‘Very Alarming’ Teen Vaping Study Shows 1 in 5 High School Seniors Reports Having Vaped Nicotine in Previous Month

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Adolescent use of most drugs has declined or held steady in recent years, but in 2018 teen vaping surged, creating an “epidemic” that advocates say is hooking kids on nicotine and may be putting them at risk for future drug use.

According to the 2018 Monitoring the Future survey released in December, 1 in 5 high school seniors reported vaping nicotine in the previous 30 days. That was nearly double the 11 percent recorded in the group’s 2017 survey.

The jump for 12th-graders was the largest year-over-year increase in use of a particular substance in the history of the federally funded survey, which began in 1975. The researchers estimate that at least 1.3 million additional adolescents took up vaping nicotine over the past year, reinforcing previous research that shows adolescent vaping rose sharply in 2018.

For 10th-graders, the percentage who had vaped nicotine in the previous 30 days also doubled — from 8 percent to 16 percent. Even eighth-graders saw a dramatic increase, with 6.1 percent saying they had vaped in the past month, up from 3.4 percent in 2017.

The study found that previous 30-day use of most other substances, including cigarettes, alcohol, and prescription drugs, either decreased or held steady among adolescents in 2018.

Richard Miech, the lead Monitoring the Future investigator who also studies trends in substance use at the University of Michigan, called the teen vaping surge “very alarming.” He said it indicates that parents and teachers need to take responsibility because the e-cigarette industry has a vested interest in getting kids hooked on its products.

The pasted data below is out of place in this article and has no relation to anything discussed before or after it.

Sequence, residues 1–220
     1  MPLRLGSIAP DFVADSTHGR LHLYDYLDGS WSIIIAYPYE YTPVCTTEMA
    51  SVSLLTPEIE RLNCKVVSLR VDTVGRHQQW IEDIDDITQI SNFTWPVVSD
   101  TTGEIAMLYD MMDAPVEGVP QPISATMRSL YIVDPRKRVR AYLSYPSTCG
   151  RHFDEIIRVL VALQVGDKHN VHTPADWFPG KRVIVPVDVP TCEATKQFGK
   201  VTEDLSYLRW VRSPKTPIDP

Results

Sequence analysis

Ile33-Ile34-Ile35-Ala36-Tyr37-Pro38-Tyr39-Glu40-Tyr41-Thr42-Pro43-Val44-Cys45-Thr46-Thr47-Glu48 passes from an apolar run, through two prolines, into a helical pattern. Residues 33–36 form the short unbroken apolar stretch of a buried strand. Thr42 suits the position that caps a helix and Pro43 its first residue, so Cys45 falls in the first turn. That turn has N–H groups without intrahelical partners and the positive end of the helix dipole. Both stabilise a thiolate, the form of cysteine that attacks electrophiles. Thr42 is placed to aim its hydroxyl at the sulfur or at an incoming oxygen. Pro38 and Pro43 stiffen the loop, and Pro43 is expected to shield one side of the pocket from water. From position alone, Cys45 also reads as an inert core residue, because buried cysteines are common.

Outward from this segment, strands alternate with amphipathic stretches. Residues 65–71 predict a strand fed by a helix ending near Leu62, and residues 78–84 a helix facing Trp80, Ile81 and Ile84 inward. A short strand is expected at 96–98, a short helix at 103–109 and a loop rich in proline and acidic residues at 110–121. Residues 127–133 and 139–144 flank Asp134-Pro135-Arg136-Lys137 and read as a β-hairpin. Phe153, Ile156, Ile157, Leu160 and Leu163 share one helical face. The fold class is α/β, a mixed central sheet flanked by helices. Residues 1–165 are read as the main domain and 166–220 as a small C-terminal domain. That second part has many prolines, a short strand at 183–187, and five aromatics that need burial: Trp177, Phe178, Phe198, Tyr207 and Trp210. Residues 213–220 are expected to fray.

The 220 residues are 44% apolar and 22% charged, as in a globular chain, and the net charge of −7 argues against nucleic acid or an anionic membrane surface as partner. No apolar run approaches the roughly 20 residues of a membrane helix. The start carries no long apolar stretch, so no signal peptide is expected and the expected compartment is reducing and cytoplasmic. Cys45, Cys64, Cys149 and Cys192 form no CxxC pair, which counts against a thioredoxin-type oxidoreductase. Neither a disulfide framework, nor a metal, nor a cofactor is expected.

“The vaping industry has said that they’re against teen vaping and they want to try to stop it. But I would say whatever they’ve done hasn’t been very successful,” Miech told The 74.

In most states, e-cigarette sales are limited to those 18 or older, but 47.5 percent of eighth-graders in the survey and 66.6 percent of 10th-graders said vaping devices are “fairly easy” or “very easy” to get, an increase of about 7 percentage points over last year for both groups.

Some communities have taken steps to restrict sales of e-cigarettes. For example, San Francisco voters in June upheld a ban on selling flavored tobacco products within the city. The federal government is also working to prevent youth e-cigarette use through regulation.

The increase in vaping nicotine corresponds to the rise of Juul, a popular e-cigarette whose producer, Juul Labs, has come under fire for marketing its products to youth and not doing enough to prevent underage use. Juul delivers a high dose of nicotine in a device that resembles a flash drive, which can be easily hidden from parents and teachers.